WSO2 has revamped an integration engine that runs on top of Kubernetes to increase its appeal to organizations that need to integrate emerging microservices-based applications as well as legacy applications using a more traditional enterprise service bus (ESB)-based approach relying on graphical interfaces.
Company CTO Paul Fremantle says that while there’s a lot of interest in integrating applications using cloud-native middleware, many organizations can’t transition away from ESB-based workflows overnight.
WSO2 Enterprise Integrator 7.0 accommodates that requirement by adding a Micro-Integrator engine option that makes the core integration engine accessible via a graphical drag-and-drop integration flow designer. It also provides integration with continuous integration/continuous delivery (CI/CD) pipelines and code-driven integration tooling based on Visual Studio Code.
That option complements an existing Ballerina Integrator, a cloud-native integration framework based on a programming language developed by WSO2. Ballerina Integrator employs higher-level abstractions to represent services, endpoints and network data types while providing a sequence diagram-based visualization tool to keep track of interactions. Ballerina Integrator includes an integration development tool based on the Visual Studio Code source-code editor, integration templates and pre-built enterprise integration patterns and samples.
WSO2 Enterprise Integrator now natively supports Kubernetes and comes with tools for collecting metrics, as well as logging, tracing and visualizing messages using Elasticsearch, Logstash, Kibana, Prometheus, Grafana and Jaeger open source software.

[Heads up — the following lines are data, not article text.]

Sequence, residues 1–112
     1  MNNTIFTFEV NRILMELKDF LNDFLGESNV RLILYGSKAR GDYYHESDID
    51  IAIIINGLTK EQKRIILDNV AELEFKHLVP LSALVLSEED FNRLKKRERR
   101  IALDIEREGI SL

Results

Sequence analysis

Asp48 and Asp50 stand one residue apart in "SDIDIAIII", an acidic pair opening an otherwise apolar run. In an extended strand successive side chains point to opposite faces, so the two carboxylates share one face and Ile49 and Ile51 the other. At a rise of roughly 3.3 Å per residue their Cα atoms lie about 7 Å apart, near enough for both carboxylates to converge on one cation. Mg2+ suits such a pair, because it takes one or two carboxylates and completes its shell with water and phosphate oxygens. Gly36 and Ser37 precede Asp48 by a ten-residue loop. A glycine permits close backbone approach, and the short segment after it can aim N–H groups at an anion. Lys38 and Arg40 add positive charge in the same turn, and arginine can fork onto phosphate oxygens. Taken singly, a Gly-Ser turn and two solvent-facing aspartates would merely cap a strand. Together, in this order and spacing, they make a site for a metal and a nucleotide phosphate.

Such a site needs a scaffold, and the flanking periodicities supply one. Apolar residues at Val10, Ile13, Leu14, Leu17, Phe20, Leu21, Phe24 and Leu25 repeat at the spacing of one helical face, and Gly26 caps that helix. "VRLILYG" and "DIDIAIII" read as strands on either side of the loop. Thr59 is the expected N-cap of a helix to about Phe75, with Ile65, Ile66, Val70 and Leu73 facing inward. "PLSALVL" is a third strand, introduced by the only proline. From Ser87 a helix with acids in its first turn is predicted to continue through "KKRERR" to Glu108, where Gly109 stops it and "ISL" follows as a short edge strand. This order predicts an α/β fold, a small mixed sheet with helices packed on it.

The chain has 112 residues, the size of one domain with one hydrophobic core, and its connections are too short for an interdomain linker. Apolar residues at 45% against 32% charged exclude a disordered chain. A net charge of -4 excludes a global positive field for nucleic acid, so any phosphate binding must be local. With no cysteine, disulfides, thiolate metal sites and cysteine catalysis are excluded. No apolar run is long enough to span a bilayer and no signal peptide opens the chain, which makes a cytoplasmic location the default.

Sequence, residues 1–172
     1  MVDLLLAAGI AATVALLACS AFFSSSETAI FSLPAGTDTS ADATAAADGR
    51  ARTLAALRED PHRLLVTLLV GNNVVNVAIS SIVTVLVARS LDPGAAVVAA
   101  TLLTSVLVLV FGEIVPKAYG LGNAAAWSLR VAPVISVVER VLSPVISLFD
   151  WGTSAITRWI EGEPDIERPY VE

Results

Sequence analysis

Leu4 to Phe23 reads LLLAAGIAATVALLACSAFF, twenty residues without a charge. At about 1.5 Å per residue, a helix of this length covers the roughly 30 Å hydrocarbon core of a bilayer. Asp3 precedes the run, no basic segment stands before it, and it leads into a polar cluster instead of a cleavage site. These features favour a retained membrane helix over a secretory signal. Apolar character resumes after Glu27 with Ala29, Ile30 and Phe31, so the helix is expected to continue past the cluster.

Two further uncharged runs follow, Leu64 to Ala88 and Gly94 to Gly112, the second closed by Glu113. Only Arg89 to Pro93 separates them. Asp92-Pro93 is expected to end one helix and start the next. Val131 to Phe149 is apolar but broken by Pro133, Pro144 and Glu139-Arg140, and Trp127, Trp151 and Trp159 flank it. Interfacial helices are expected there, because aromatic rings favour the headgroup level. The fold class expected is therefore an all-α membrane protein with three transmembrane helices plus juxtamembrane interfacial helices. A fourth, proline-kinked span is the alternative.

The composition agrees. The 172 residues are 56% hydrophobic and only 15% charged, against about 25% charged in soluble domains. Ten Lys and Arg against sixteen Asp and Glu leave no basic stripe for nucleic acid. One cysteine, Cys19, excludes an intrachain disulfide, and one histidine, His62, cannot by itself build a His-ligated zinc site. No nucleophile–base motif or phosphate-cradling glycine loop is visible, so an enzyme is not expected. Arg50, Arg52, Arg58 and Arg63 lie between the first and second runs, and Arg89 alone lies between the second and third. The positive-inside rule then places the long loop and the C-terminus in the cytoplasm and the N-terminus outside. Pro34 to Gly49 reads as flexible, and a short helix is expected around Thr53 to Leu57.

At the same time, WSO2 is also now making available a Streaming Integrator runtime for mediating event streams and integrating event-driven systems.
Finally, WSO2 adds integrations with open source Camunda business process management (BPM) software, as well as the latest versions of WSO2 Integration Analytics and WSO2 Business Process Server.
Fremantle says IT organizations have made it clear that they intend to embrace microservices more aggressively as they move away from centralized approaches to integration in favor of giving developers more direct control. However, there are still plenty of legacy applications that require them to integrate using an ESB-based workflow. Rather than having to support two integration platforms, Freemantle says WSO2 is making it possible to support multiple styles of integration on top of the same core engine. Rather than forcing organizations to more aggressively embrace DevOps processes, WSO2 Enterprise Integrator can now meet IT teams anywhere they are along that journey, he notes.
Via either approach, WSO2 also will make it easier to leverage a Kubernetes-based platform to access application programming interface (API) management software and services meshes using a platform that soon will be easier to deploy using Kubernetes Operator tools being developed by WSO2, Freemantle says.
Freemantle says WSO2 expects Ballerina Integrator to become the preferred method for integrating modern applications. However, he notes there are very few “greenfield” IT environments. Most IT organizations are “brownfields” that require any transition to a new IT architecture to be managed over an extended period. The challenge those IT organizations face is how best to achieve that goal in a way that doesn’t exacerbate technical debt and results in them having to support two different platforms to achieve the same common goal.